In the early decades of the twentieth century, interpretive models based on evolutionary analogies gave way to inferences built on historically contingent processes of migration, innovation, and diffusion. This understanding of culture was aptly titled the ‘historical particularist school’ and its archaeological advocates culture historians. This shift in interpretive modeling had its roots in a new atomistic understanding of culture as comprised of discrete units known as culture traits. Rather than looking at societies as rungs on a rationally progressive ladder of history, ‘culture historians’ instead envisioned cultures as temporary clusterings of discrete traits flowing through time. Later critics of this approach have referred to it as the water flow model of culture. As ideal (beliefs, values, emotions) and material traits (symbols, houses, tools) flowed through time and across space, they formed and re-formed different cultures. Archaeologists saw their science as an historical one that consisted of identifying, tracking, and explaining these configurations of traits.
Initially in Europe, where many nations could trace their populations to local prehistory, earlier evolutionary approaches were transformed into nationalist culture histories. Later, under the influence of Gordon Childe, these tendencies were muted in favor of interpretations that were international and emphasized the innovation and spread of functionally useful traits.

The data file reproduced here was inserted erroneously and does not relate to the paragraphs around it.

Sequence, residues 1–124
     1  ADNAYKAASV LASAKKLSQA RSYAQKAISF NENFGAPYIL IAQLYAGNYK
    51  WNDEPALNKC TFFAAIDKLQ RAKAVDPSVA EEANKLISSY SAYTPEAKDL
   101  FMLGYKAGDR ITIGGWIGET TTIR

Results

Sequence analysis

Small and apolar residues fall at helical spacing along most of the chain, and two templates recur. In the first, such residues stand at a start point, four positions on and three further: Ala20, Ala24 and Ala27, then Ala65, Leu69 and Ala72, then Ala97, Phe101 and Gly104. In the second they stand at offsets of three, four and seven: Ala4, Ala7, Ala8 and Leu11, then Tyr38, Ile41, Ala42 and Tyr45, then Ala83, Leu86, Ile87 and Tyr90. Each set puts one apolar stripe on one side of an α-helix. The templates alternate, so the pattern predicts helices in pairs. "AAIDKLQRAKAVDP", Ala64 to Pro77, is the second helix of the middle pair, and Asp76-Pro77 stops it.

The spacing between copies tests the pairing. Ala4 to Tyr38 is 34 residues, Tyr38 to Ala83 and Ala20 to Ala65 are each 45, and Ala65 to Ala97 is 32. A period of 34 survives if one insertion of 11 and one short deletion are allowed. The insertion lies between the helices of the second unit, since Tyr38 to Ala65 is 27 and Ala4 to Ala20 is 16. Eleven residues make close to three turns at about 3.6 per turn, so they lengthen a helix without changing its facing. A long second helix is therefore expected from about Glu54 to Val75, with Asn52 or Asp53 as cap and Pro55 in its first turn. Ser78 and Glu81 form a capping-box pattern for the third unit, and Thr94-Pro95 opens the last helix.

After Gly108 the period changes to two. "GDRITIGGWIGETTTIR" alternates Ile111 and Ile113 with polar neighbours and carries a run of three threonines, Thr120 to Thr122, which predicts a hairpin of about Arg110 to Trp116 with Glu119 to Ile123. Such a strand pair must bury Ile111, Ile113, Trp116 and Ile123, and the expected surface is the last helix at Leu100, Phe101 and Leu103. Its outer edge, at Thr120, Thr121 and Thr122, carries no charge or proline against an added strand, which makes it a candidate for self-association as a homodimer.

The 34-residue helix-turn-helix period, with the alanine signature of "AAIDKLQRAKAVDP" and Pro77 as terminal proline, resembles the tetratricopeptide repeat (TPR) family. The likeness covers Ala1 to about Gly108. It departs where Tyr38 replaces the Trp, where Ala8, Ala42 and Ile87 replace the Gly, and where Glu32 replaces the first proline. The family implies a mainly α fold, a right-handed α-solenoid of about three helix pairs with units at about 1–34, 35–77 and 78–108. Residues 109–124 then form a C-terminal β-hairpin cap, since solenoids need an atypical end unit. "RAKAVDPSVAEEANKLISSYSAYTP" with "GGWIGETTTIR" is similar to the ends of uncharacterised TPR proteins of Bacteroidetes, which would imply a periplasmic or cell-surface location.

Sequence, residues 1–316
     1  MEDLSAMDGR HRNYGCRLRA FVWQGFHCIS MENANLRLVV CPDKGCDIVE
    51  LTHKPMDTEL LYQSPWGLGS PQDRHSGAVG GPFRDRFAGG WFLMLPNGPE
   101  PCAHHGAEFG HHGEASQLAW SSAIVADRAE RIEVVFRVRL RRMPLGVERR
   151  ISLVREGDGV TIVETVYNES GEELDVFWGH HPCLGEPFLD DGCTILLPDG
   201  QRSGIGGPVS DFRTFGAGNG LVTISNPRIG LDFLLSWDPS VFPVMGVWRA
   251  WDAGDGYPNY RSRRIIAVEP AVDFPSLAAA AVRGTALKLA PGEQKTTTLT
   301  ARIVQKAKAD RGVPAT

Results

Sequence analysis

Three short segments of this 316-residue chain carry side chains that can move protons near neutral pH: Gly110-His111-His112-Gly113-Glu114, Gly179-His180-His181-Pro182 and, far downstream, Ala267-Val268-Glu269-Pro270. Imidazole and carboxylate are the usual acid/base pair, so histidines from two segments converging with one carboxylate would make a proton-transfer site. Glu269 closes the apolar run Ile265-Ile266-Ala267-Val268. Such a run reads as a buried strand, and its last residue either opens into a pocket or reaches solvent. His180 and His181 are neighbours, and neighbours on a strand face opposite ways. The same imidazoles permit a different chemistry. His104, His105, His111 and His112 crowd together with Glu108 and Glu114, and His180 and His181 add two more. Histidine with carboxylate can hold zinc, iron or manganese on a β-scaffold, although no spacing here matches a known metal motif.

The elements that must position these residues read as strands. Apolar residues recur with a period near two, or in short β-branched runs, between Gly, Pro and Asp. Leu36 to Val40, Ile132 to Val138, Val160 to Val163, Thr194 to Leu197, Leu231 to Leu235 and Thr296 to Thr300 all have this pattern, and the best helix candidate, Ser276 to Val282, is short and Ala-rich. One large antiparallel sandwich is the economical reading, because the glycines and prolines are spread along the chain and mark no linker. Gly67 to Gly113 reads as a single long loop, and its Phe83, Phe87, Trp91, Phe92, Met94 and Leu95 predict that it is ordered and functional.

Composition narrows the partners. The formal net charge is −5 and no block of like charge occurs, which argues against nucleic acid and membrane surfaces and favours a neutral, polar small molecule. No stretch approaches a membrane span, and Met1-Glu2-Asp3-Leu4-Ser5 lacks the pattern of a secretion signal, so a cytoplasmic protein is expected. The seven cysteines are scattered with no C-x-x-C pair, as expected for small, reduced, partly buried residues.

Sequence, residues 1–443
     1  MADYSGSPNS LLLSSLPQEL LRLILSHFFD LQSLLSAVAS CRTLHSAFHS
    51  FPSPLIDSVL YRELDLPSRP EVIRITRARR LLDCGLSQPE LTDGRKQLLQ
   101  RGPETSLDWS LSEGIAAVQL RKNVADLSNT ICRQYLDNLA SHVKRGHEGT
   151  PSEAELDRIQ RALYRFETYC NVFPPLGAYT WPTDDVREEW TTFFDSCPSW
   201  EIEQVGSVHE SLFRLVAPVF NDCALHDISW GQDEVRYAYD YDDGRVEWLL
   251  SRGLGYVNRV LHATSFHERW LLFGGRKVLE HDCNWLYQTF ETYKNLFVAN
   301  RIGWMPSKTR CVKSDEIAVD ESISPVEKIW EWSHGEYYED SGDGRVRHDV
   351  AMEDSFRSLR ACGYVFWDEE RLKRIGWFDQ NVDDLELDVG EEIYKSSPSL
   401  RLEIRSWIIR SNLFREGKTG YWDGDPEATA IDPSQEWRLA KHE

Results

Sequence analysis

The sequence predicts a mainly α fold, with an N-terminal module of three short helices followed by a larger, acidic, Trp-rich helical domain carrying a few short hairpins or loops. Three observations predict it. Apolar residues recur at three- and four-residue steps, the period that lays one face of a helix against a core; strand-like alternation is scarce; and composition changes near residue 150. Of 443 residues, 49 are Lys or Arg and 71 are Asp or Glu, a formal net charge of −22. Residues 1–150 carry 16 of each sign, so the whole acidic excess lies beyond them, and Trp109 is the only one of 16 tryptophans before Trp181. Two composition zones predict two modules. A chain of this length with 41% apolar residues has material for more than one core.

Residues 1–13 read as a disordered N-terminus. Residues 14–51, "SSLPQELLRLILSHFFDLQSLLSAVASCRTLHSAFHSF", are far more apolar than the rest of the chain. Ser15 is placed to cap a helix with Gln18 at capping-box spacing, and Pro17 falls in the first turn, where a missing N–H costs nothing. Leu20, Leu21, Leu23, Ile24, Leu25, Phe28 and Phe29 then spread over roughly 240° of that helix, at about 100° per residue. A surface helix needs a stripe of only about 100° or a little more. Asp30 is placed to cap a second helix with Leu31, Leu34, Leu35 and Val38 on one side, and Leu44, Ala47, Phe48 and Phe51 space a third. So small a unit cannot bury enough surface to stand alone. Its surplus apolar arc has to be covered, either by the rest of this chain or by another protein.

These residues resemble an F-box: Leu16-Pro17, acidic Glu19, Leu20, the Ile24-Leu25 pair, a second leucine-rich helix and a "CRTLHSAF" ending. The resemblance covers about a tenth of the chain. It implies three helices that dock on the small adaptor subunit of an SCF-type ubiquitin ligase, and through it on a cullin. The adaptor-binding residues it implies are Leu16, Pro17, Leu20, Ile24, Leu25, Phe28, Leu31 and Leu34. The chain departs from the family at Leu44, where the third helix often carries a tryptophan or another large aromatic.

In the Americas where archaeologists were by and large derived from immigrant populations rather than indigenous Native Americans communities, nationalist archaeologies were less pronounced. Archaeology was situated in anthropology departments rather than archaeology or history departments as it was in Europe. In the Americas, archaeology was identified with the ethnological study of aboriginal peoples. While stage-based approaches generated interesting cross-cultural patterns, they were typically weak with respect to specific societies. A trait-based approach to cultures in archaeology went hand in hand with an emphasis on detailed ethnographic observation and particularist studies in American anthropology as a whole.
A number of early North American culture historians were also ethnographers, and their creative urge to apply historical particularist theory to archaeology stimulated their archaeological students and colleagues to see new possibilities in seriation and stratigraphic techniques that had been known for some time. Indeed, they became topics of theoretical consideration.
Culture historians realized that an atomistic approach to culture and history provoked and facilitated a much finer parsing of material trait variability into archaeological cultures. The interpretive model of an archaeological culture defined by clusters of styles of ceramics, lithics, housing, grinding stones, etc., focused attention directly on the particulars of prehistoric cultures and away from ethnological stages. As a result, culture historians dramatically expanded knowledge of the spatial and temporal patterning of material culture in the archaeological record. To explain these patterns, interpretive modeling turned to discussions of diffusion, innovation, and migration.